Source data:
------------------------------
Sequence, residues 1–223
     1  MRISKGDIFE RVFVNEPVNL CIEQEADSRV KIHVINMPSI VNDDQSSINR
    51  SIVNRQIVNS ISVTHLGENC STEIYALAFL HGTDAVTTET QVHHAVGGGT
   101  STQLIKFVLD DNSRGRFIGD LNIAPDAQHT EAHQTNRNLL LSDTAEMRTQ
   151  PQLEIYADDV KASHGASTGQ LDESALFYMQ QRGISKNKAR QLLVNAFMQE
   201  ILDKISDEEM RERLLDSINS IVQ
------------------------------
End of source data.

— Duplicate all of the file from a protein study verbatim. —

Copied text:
Sequence, residues 1–223
     1  MRISKGDIFE RVFVNEPVNL CIEQEADSRV KIHVINMPSI VNDDQSSINR
    51  SIVNRQIVNS ISVTHLGENC STEIYALAFL HGTDAVTTET QVHHAVGGGT
   101  STQLIKFVLD DNSRGRFIGD LNIAPDAQHT EAHQTNRNLL LSDTAEMRTQ
   151  PQLEIYADDV KASHGASTGQ LDESALFYMQ QRGISKNKAR QLLVNAFMQE
   201  ILDKISDEEM RERLLDSINS IVQ